How To Navigate A Fixed-Income Bear Market

Despite the recent brush with default, the credit risk of U.S. Treasury securities is extremely low, but be aware that Treasuries are not void of volatility.

The chart below shows the max drawdowns for a variety of fixed income indices during 2013.  Maximum drawdown is calculated as the percentage loss that an index or investment incurs from its peak net asset value to its lowest value.  The right column details the 3-year annualized performance for each index.

The recent volatility hit many investors like a ton of bricks.  The bond bull market that began in 1981 had lulled many fixed income investors into believing annual returns would always be high and downside risk would always be low.  Even industry professionals are being caught off guard and scrambling for solutions not only for their fixed income clients but also for their bond exposure within their clients’ asset allocation models.  Also, the “buy-and-hold” fixed income investors seem to be scratching their heads wondering how their yields will keep up with prevailing interest rates as they ratchet higher.  Let’s take a quick look at the various types of risk inherent in the fixed income markets, before we proceed further with some recommendations to help navigate this type of interest rate cycle.

Along with credit risk, bonds also face other risks.  Market risk,  or interest rate risk, is simply the risk of selling bonds prior to maturity at a price lower than they were initially purchased–or of locking in low yields and not benefiting from rising interest rates.  Event risk is the risk that bonds will drop in value due to unforeseen circumstances such as a tsunami, earthquake, war or global financial crisis.  Inflation risk is the risk that the purchasing power of your initial investment is worth less when it is sold.  Foreign exchange risk is essentially the currency risk of owning International bond ETFs that are invested in sovereign or foreign currencies.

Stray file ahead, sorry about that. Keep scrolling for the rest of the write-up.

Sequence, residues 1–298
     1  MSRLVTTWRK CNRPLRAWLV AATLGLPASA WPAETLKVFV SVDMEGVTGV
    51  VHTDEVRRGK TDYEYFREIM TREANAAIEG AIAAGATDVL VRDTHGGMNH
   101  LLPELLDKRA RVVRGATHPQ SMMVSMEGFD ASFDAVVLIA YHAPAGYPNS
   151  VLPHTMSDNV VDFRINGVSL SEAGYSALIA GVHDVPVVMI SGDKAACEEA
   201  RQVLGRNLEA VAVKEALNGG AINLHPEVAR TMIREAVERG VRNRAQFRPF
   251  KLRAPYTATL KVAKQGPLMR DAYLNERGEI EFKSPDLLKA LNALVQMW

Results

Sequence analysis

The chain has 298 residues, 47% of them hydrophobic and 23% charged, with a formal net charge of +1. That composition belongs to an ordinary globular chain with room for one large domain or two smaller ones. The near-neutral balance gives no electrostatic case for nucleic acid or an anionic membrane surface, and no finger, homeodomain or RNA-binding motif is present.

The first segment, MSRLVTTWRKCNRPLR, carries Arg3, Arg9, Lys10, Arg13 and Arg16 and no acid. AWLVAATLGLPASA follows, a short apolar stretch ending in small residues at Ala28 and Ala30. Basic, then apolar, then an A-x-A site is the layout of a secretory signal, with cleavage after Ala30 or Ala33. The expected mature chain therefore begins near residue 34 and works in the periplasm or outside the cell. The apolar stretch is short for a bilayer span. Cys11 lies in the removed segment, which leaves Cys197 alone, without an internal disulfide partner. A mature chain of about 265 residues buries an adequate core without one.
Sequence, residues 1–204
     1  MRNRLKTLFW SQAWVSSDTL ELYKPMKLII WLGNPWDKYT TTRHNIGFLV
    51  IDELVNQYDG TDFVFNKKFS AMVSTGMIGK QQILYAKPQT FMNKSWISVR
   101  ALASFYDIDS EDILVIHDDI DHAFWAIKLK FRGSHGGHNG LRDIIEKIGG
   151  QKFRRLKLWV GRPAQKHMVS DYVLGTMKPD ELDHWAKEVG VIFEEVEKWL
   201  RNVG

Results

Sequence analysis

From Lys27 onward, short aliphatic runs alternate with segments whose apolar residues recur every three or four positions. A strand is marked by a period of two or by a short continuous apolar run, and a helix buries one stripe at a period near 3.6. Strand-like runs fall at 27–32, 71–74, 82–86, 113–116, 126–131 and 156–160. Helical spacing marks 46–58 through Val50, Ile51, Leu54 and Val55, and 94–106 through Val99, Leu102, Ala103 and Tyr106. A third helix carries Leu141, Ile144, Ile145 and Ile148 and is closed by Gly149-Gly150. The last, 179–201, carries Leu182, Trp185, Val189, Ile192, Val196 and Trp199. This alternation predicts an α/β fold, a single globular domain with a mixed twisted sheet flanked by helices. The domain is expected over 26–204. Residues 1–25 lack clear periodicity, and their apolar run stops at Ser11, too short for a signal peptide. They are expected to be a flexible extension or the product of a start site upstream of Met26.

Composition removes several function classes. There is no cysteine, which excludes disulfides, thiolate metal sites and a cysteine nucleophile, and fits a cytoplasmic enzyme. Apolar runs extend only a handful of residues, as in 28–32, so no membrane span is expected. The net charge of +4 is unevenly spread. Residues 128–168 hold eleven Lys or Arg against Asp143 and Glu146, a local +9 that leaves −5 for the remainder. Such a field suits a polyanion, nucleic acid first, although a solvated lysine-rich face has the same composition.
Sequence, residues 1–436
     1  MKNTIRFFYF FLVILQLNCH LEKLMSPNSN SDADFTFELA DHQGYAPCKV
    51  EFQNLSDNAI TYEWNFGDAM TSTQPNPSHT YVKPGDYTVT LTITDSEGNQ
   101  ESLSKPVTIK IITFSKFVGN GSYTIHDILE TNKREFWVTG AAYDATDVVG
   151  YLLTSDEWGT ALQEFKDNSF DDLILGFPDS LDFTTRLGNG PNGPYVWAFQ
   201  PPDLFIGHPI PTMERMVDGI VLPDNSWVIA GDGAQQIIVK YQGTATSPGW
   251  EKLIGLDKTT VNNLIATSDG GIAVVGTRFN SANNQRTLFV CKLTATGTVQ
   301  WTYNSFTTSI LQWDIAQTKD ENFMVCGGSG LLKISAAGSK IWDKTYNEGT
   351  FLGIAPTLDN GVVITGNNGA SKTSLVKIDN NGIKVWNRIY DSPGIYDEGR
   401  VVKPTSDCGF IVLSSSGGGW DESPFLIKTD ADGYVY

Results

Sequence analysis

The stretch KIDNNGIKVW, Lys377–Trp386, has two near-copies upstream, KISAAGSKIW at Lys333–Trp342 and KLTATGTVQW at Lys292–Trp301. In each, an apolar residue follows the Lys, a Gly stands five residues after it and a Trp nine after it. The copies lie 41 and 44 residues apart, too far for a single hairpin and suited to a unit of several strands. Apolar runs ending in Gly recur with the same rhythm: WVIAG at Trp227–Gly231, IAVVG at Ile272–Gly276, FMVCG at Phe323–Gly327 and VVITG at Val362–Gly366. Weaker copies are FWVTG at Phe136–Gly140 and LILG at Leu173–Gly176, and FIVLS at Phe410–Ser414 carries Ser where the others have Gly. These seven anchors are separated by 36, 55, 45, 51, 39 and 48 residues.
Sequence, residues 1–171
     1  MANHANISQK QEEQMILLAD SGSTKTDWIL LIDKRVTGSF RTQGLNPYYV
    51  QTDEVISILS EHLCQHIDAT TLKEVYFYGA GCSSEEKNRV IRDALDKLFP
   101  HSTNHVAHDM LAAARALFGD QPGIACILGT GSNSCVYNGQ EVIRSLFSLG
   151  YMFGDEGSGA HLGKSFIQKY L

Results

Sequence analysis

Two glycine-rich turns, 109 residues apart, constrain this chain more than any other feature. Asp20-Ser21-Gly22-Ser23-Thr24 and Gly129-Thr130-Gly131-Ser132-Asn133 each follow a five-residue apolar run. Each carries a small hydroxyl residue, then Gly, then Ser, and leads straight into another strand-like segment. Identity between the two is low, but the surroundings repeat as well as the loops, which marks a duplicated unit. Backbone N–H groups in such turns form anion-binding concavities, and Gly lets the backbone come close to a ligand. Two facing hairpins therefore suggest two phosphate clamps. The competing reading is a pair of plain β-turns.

I mention these risks because the best way to navigate a rising U.S. interest rate environment is to own a variety of low correlated fixed income instruments.  Each of these investments carry risks that are above and beyond the typical Treasury bond portfolio.  Although there are additional risks, I believe looking outside of traditional fixed income asset classes is essential to weathering a rising interest rate environment.  The chart below looks at a variety of bond asset classes and their correlations to one another.

Owning different fixed income asset classes can possibly smooth out the ride.  For instance, corporate bonds correlate to global fixed income 22% of the time.  This means there are times when global fixed income is going up while U.S. corporates are falling, and vice versa.

My firm currently owns the SPDR Barclay’s International Treasury Bond ETF (BWX), both as a currency as well as a yield play, because the underlying bonds are denominated in local currencies, not U.S. dollars.  Investors should only own this particular ETF when the dollar is stable or falling against the basket of currencies that make up the ETF.

The other international ETF that we have the ability to rotate into is the PowerShares Emerging Markets (PCY).  This is another currency and yield play, and there are added risks (foreign exchange risk, country specific risk, credit risk) that need to be considered, but emerging market debt exhibits a low correlation to other fixed income asset classes and can be a valuable component to smooth out returns during a rising U.S. interest rate cycle.  The yield is nearly 5%.

For U.S. high yield exposure we use SPDR Barclay’s High Yield Bond (JNK).  The correlation for U.S. high yield is negative compared to core fixed income, which makes it an ideal complement within a fixed income portfolio. At SGS , we rotate and overweight the two strongest relative strength ETFs out of the three listed, while also including the Vanguard Total Bond Market (BND) ETF, as well as the iShares TIPS Bond ETF (TIP), and cash.